Northern Canada's Deline, population 500, gets self-governance

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Canadian territory Deline self governs
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Canadian territory Deline self governs
Madeline Champlain and Marie Flunkie, two elders visiting from the community of Whati, wear traditional moccasins with bright socks and skirts at a spiritual gathering in Deline, Northwest Territories, Canada September 7, 2016. REUTERS/Pat Kane SEARCH "DELINE KANE" FOR THIS STORY. SEARCH "THE WIDER IMAGE" FOR ALL STORIES. TPX IMAGES OF THE DAY
Elders sit inside the home of the prophet Louis Ayah, a place for prayer and spiritual guidance, in Deline, Northwest Territories, Canada September 7, 2016. REUTERS/Pat Kane SEARCH "DELINE KANE" FOR THIS STORY. SEARCH "THE WIDER IMAGE" FOR ALL STORIES.
Council member Morris Neyelle embraces Deline Got'ine chief negotiator Danny Gaudet at a leadership ceremony in Deline, Northwest Territories, Canada September 7, 2016. REUTERS/Pat Kane SEARCH "DELINE KANE" FOR THIS STORY. SEARCH "THE WIDER IMAGE" FOR ALL STORIES.
Grilled duck is ready to be carved for a community lunch in Deline, Northwest Territories, Canada September 6, 2016. REUTERS/Pat Kane SEARCH "DELINE KANE" FOR THIS STORY. SEARCH "THE WIDER IMAGE" FOR ALL STORIES.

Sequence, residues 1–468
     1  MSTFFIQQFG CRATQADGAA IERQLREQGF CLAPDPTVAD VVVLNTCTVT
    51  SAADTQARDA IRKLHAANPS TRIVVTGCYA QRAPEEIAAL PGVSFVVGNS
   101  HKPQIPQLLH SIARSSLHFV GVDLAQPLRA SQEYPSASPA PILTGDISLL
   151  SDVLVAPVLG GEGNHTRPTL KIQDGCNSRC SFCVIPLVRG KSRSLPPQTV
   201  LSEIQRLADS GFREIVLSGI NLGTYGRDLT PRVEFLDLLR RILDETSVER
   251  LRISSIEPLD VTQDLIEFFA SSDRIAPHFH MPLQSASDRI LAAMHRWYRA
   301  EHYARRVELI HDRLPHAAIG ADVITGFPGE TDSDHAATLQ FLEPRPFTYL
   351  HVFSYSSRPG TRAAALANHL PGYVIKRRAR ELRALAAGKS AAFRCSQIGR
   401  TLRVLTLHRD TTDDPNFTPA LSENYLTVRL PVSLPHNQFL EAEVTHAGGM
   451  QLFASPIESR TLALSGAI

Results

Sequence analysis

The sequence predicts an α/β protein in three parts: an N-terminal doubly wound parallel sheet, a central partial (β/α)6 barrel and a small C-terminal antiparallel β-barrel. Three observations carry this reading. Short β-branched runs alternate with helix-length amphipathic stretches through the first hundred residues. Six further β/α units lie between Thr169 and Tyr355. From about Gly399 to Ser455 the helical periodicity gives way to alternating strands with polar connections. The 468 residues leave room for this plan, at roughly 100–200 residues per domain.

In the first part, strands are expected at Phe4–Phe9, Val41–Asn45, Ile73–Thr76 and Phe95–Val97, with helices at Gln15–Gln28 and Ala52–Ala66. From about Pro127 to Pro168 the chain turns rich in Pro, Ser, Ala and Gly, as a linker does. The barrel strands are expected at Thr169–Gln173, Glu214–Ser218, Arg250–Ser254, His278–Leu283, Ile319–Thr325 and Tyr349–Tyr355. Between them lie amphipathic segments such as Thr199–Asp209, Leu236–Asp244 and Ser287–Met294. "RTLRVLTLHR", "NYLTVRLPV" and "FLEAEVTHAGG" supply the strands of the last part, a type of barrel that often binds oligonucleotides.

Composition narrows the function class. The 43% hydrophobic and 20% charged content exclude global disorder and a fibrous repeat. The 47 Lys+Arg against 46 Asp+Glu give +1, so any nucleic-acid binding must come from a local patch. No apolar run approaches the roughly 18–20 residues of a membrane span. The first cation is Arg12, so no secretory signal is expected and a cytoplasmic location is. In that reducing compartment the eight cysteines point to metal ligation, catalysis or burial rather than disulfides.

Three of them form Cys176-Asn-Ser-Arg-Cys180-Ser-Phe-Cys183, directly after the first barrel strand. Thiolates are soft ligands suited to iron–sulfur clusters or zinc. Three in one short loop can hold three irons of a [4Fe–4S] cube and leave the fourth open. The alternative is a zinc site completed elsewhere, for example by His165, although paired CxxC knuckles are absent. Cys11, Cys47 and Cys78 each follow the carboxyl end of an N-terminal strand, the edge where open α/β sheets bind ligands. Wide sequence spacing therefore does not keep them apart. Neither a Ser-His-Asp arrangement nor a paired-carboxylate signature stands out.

George Dolphus beats a caribou skin drum during traditional Dene handgames, where two teams compete to find a hidden object in Deline, Northwest Territories, Canada August 31, 2016. REUTERS/Pat Kane SEARCH "DELINE KANE" FOR THIS STORY. SEARCH "THE WIDER IMAGE" FOR ALL STORIES.
Elders Irene Tetso and Veronica Bayha watch men play handgames at the community hall in in Deline, Northwest Territories, Canada August 31, 2016. REUTERS/Pat Kane SEARCH "DELINE KANE" FOR THIS STORY. SEARCH "THE WIDER IMAGE" FOR ALL STORIES.
Charlie Neyelle "feeds the fire" at a spiritual ceremony on the sacred grounds of the prophet Louis Ayah in Deline, Northwest Territories, Canada September 7, 2016. REUTERS/Pat Kane SEARCH "DELINE KANE" FOR THIS STORY. SEARCH "THE WIDER IMAGE" FOR ALL STORIES.
Sheds line the shore of Great Bear Lake in Deline, Northwest Territories, Canada September 8, 2016. REUTERS/Pat Kane SEARCH "DELINE KANE" FOR THIS STORY. SEARCH "THE WIDER IMAGE" FOR ALL STORIES.
The aurora borealis appears over Great Bear Lake, the world's 8th largest lake in Deline, Northwest Territories, Canada September 5, 2016. REUTERS/Pat Kane SEARCH "DELINE KANE" FOR THIS STORY. SEARCH "THE WIDER IMAGE" FOR ALL STORIES. TPX IMAGES OF THE DAY
Mary Taya, Joanne Snowshoe and Sarah Nerysoo, visitors from Fort McPherson, walk together in Deline, Northwest Territories, Canada September 6, 2016. REUTERS/Pat Kane SEARCH "DELINE KANE" FOR THIS STORY. SEARCH "THE WIDER IMAGE" FOR ALL STORIES.
A group of friends play together at a playground in Deline, Northwest Territories, Canada. September 5, 2016. REUTERS/Pat Kane SEARCH "DELINE KANE" FOR THIS STORY. SEARCH "THE WIDER IMAGE" FOR ALL STORIES.